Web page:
The Difference Between Game Design and Game Art

What is the Difference between Game Design and Game Art?

We’ll be answering this question using the classic game of Chess. Chess is a well-known game with traditional white chess pieces, black chess pieces, set up on a field of black and white. The pieces have different positions and rules on how they move across the black and white squares. Pieces include a King, a Queen, two Knights, two Bishops, two Rooks, and 8 Pawns on each side of the board. The point of Chess is for one player to capture the other players King. How does this apply to Game Design or Game Art?

No game describes the difference between Game Design and Game Art better than the oldest game in history. Let’s go over the key differences between both of the Game Designer as well as the Game Artist, to explain the inspiration and creation process behind the game of Chess.

Chess Screen

The Game Designer

Games always start with design, inspired by a concept or idea. The goal of Chess was to simulate war and the control of lands. It was commonly used as a lesson to teach young monarchs how to adequately judge risk and reward when it came to troop movements. These concepts were applied and solidified the rules of Chess, which were decided by the designer. To visually test this prototype, the designer using a game board made of squares, and two opposing colors that would face off for control of the playing field. They defined each of the pieces by name, and how that piece interacted, which also explained how each piece is moved across the board. The goal was to create a simple objective with hundreds of complex ways to reach the endgame. This was an adequate mental representation of military troop deployment tactics.

A designer’s role helps bring a sense of unity to the team, linking the difference between Game Design and Game Art. Being able to align with the Art and Programming teams organically, but the designer may not have the specialization in either art or programming. A designer has an understanding of both, so that the designer is able to apply their design principles as effectively as possible. They communicate the game’s design principles to the artists so that they know how to animate or model a character. The designer can communicate game design principles to the programmer, so that the programmer can build the foundation (the chess board) and purpose of those characters (the pieces). There’s a huge amount of variety in design jobs, ranging from super specific (Level Design) to overseeing an entire area of the game (Economy or Monetization Design).

The Game Artist

A model sculpt created by Trevor White (Game Art and Animation alumnus)

We now have the idea of a board with some pieces and rules that each piece must follow. However, the physical representation of each of the pieces and the board does not yet exist, we just have a prototype design. This is where the Game Artist comes into the mix.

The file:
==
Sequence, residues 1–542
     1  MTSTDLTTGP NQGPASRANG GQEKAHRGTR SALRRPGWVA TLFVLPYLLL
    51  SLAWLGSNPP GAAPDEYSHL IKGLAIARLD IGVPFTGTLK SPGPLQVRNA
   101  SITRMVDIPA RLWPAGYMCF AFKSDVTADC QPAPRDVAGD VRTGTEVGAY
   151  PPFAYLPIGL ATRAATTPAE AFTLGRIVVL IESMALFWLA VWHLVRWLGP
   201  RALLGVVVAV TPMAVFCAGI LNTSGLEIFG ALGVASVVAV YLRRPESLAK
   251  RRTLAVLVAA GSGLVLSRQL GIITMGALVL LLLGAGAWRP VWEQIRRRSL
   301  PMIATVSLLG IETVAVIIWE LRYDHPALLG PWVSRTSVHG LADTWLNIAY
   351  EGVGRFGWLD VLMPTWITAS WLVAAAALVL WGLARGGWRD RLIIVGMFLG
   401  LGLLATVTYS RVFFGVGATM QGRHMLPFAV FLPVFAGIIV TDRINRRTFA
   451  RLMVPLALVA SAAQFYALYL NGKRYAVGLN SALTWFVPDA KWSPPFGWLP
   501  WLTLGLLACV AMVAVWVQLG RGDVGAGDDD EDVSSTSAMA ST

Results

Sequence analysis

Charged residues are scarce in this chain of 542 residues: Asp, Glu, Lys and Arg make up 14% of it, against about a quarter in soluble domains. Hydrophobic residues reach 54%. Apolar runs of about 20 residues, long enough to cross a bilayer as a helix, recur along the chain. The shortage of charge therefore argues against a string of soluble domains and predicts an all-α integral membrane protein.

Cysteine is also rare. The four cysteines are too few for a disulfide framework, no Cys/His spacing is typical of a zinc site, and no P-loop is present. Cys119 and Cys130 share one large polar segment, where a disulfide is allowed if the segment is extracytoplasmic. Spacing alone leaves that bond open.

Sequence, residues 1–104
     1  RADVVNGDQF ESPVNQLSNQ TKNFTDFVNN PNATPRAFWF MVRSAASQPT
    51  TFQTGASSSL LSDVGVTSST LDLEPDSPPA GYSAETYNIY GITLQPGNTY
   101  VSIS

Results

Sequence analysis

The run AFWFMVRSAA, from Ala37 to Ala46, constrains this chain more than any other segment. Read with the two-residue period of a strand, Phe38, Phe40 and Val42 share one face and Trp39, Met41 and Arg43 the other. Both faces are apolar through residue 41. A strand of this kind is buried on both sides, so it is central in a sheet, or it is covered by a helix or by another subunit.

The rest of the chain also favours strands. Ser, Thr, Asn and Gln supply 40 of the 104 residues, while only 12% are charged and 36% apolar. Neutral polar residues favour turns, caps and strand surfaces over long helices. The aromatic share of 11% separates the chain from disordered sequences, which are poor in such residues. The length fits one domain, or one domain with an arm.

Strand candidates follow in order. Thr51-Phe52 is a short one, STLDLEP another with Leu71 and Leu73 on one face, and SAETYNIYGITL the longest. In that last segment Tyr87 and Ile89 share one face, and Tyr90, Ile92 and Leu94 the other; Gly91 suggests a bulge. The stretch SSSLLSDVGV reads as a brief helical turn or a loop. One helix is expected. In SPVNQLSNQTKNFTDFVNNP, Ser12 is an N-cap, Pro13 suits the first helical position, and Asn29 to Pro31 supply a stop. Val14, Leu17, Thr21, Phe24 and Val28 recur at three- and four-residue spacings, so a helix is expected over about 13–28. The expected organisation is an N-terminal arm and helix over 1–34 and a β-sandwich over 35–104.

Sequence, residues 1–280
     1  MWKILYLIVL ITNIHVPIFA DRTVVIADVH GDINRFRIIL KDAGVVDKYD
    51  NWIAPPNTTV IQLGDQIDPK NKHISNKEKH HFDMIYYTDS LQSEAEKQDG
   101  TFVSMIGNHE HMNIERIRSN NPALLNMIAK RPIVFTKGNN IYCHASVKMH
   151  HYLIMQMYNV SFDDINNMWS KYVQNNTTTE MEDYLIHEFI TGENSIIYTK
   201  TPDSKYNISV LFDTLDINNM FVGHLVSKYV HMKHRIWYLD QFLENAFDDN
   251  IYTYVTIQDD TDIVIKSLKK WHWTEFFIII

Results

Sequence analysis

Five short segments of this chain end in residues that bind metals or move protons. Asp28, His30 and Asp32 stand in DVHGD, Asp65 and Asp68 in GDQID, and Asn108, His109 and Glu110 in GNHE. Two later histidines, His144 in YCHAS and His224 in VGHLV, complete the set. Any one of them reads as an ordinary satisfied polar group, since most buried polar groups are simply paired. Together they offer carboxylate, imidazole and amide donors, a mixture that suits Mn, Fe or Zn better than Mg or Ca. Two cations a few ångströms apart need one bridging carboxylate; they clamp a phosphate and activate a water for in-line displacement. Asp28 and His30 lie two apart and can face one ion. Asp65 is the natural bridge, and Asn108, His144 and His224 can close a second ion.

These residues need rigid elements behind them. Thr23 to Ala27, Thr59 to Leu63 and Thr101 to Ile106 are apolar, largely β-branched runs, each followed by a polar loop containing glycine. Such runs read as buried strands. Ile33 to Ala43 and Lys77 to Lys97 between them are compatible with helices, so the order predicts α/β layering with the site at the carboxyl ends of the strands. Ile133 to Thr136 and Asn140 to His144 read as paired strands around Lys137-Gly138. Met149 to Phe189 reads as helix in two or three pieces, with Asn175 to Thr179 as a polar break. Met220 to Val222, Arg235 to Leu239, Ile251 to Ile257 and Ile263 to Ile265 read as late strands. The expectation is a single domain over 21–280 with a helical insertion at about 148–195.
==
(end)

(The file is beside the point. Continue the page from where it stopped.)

The artist uses the design of the game as a guide to create the appearance of the game. Using that information, they will create physical representations of each of the pieces. The opposing sides need to be distinct from each other, and each of the pieces on either side needs to be easily distinguished from one another. The artist then takes the prototype created by the designer, a game board that facilitates the defined movement of each of the player’s pieces, and visually pulls the two opposing sides together creating a visually appealing package. For example, the horses in Chess represent the cavalry Knights who rode on horseback, thus creating the look of the Knight piece.

Art is responsible for delivering a visually appealing product. Who decides what is visually appealing though, and does this mean that the artist gets full control? Not quite. The artist collaborates with the designers and programmers (along with other departments) to achieve a targeted game look that is not entirely controlled by the artists at the end of the day. Getting art into the game requires a pipeline, its own set of tools which inherently require its own type of design as well. If both Art and Programming have design aspects in their roles, what’s left for Game Design?

The Trinity of Development Arms

In interactive entertainment, we have what we call the Trinity of Development Arms to make a product happen. The most well documented arm is in Programming, where the mathematical and practical applications are made into a game. What happens when you add valued mechanics in Chess? What if we introduced Health or Stamina bars to each piece, or damage done by each piece? Programming has a specific, detailed concept of design inherent to their role. Programmers are the engineers that build the tools that create the materials in the game. They are the ones that set the values of each piece’s effectiveness. Which leaves a rather large hole to fill for the other two departments. Design is the most elusive department, due to its contribution to groups in various types of design, but the key difference is that code and art are both specialized fields. We can’t guarantee that they’re going to communicate well all the time.

The simple, quick explanation of the difference between Game Design and Game Art: Game designers figure out the theory, game artist figure out the aesthetics of the game. Together, they can create a well-balanced and beautiful project that people will remember for years to come. To this day, Chess is still played competitively, and the game is thousands of years old with different versions coming from a variety of cultures around the world.